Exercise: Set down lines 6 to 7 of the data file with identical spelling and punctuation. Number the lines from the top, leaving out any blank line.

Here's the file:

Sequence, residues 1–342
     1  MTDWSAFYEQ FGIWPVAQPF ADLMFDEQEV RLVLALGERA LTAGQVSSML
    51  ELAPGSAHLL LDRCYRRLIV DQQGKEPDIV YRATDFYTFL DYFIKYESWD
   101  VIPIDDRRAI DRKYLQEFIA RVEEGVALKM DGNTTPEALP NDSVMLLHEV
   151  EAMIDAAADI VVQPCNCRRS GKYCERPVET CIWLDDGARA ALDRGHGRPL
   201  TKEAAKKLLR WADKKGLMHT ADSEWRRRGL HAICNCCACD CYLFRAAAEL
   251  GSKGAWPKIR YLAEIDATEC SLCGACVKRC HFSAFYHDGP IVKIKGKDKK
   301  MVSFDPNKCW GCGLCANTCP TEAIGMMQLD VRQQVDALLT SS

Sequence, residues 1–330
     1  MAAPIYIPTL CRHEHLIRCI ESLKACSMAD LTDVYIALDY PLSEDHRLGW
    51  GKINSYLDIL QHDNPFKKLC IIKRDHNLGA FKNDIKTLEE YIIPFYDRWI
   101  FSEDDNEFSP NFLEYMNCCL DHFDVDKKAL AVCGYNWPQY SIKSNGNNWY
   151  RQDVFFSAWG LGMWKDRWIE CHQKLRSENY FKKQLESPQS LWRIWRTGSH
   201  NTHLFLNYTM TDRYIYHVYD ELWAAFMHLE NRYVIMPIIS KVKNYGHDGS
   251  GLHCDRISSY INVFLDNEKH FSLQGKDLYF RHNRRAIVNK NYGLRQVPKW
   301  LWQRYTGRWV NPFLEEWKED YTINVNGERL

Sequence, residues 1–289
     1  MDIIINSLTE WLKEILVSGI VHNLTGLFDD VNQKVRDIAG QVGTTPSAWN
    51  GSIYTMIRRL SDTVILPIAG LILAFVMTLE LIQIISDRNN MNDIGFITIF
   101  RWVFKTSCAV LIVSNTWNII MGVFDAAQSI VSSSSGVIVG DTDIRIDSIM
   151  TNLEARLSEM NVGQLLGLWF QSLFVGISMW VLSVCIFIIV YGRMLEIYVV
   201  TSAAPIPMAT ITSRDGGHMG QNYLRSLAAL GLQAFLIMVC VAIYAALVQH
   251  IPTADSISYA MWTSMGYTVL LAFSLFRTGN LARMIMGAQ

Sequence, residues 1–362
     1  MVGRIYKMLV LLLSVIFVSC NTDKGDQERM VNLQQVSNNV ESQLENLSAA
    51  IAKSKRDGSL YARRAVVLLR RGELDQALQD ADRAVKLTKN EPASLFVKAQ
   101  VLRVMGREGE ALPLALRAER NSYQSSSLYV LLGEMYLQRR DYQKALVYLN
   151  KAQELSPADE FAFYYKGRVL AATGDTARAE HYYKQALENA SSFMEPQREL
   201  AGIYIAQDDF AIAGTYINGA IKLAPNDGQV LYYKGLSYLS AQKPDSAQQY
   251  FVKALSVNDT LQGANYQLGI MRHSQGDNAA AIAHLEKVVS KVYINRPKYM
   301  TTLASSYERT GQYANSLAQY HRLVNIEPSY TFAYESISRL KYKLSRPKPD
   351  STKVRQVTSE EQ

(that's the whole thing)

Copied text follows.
   201  TKEAAKKLLR WADKKGLMHT ADSEWRRRGL HAICNCCACD CYLFRAAAEL
   251  GSKGAWPKIR YLAEIDATEC SLCGACVKRC HFSAFYHDGP IVKIKGKDKK